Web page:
It’s crazy to think that it has been almost a month since we visited White Sands National Monument in New Mexico… and we still can’t believe that a place like this exists… in the middle of the desert! We awoke before the sun that morning, grabbed a cup of joe to go and began our 10 hour journey from Arizona to New Mexico. Along the way, Drew met a burly Saguaro Cacti and I ran through my first ever cotton field!
After admiring the beautiful sites and sitting still for way longer than either one of us could have otherwise done, we finally arrived! And just in time for the sunset too:
We highly recommend checking the Missile Closures schedule prior to planning your trip. It’s crazy to think, but the missile range that surrounds the dunes performs missile testing up to twice a week, requiring closure of the park and sometimes even Highway 70. We had originally planned on camping the night we arrived, but because of the missile testing that was scheduled for the morning, we had to arrange other plans. Luckily, the Oliver Lee campground (map) was just a short distance away.
It was the warmest and most comfortable camping experience of the trip. We awoke to a clear blue sky, and because the White Sands wasn’t reopening until noon, we went on a long hike and enjoyed lunch before heading back to scale the dunes.
As soon as we arrived we stopped in the visitor’s center to reserve our camping spot. With a total of 10 spots in the entire park, we would be the only ones camping amongst the dunes that night.
We parked our car on the snowy, sand-covered parking lot, piled on all of our camping gear and began our trek.
Because we didn’t have any space for our backpacking packs in the car, we were left with at least 5 bags each to strap on our backs, hang around our necks, arms, ears and anything that had a vacancy:
The trek to our campsite consisted of following steaks in the sand that acted as trail markers. We could only see our next direction when we got to the top of the next dune. It’s important to note that you can download the White Sands App on your phone. It costs $3 but it will be worth every penny when you find yourself lost in a sea of white mounds, miles away from anything that isn’t… white.
In search of untouched, pristine sand, I soon found out that Drew had chosen the farthest camping spot available… as we went up and over each new dune, which seemed to be made with the finest, softest, squishiest of sand, my stamina began to fade. The bags were getting heavier, the dunes larger, the sun hotter, me tired- er, and yes I’ll admit it, whinier too. Here’s the face of a not so happy camper:
Shortly after becoming aware of my pleas for help, Drew came to the rescue. With 80% of the weight on his shoulders, we both managed to make it to our campsite with a smile.
As soon as we arrived, we set up camp, as they require you to do so before the sun goes down. You can see our little orange tent in the rolling sea of white below:
As soon as our tent was set up, we ran to the top of the closest dune to enjoy what the evening’s stunning sunset had in store for us.
With the softly rippled, white-as-snow sand blanketed in front of us, I understood and appreciated why Drew chose the furthest spot possible.
As the sun went to bed, it took our warm weather with it. Before we knew, it was 30 degrees and the sand beneath us felt like it had turned to ice. We were the only ones in the entire park, surrounded by nothing but giant white mounds, thousands of glittering stars and complete silence, possibly the closest we’ll ever get to sleeping on the moon.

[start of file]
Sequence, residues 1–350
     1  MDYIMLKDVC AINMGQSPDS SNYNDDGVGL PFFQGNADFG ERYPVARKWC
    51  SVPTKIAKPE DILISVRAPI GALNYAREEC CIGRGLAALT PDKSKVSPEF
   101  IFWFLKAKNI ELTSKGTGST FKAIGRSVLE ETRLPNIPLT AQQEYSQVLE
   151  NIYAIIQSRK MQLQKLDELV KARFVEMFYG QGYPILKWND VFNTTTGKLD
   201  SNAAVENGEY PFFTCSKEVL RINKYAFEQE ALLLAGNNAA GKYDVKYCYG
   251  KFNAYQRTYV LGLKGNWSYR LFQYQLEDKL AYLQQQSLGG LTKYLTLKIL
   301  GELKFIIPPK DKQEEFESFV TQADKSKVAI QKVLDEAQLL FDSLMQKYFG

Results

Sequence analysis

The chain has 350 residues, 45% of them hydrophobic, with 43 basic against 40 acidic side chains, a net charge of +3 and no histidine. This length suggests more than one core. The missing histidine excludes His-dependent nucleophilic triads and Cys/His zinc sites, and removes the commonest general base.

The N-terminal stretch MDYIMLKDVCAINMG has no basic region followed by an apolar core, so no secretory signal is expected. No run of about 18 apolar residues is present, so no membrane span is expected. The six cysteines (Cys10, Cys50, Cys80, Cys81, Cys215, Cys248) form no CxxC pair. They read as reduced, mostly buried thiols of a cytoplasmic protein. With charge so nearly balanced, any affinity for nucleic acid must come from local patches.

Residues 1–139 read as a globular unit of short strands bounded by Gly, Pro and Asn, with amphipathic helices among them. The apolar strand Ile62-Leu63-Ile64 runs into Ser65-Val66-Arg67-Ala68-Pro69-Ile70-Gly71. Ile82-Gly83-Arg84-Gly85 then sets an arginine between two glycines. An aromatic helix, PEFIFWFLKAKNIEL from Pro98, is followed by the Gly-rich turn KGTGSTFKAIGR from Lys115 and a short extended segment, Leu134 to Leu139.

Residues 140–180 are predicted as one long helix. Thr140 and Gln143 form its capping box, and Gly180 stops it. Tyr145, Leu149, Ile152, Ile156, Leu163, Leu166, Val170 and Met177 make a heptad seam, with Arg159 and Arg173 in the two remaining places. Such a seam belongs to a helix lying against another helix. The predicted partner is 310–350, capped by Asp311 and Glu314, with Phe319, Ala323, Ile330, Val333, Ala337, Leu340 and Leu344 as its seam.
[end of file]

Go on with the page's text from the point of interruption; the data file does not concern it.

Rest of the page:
We decided we would wake up with the sun that next morning and so got up at 6am to be greeted by this beauty of a site:
And if you think we were kidding about how cold it was, check out the frost that formed on our tent!
It was at least 45 minutes before the sun actually rose, so we paced back and forth for warmth, enjoying the sky’s incredible transformation above the calm, white seas.
With all this pacing we found ourselves getting hungry, here’s Drew making our morning oatmeal and tea, the perfect thing to help thaw us out:
It was magic.
And no trip to White Sands is complete without some sand sledding! You can buy a snow saucer at the park’s gift shop for $15 each, and if you return it you get $5 back, so they’re basically only $10. We happened to have Drew’s snowboard in the the car so we decided to go that route. This was actually my first time sledding, ever! It was awesome:
To really get a feel for the awesomeness that is White Sands, be sure to watch our video below!
Overall we had an incredible time. Definitely a place we would return to and recommend to anyone looking to have an unforgettable experience.
- Check the Missile Closures schedule prior to visiting.
- Download the White Sands App on your phone.
- Bring a tripod and your nice camera, this place is amazingggg!
- Bring something to sled on, you don’t want to miss out on the fun!
- Sunscreen/ sunglasses, with all that white it gets pretty bright out there.
- If you’re camping, check the weather, it’s generally pretty chilly there at night.
- Camp spot #5 is the farthest one away, where you will find the picture perfect, untouched sand. It’s about a 1.5 mile hike, but I’ll admit it, it really is worth it.
- Bring an under the tent tarp, also referred to as a footprint, to help keep your tent from getting wet inside.
- Hand and foot warmers, these things have saved our fingers and toes more than once!
- Toilet paper, there are no restrooms by the campsites, you just have to designate a spot at least 20 feet from the site marker.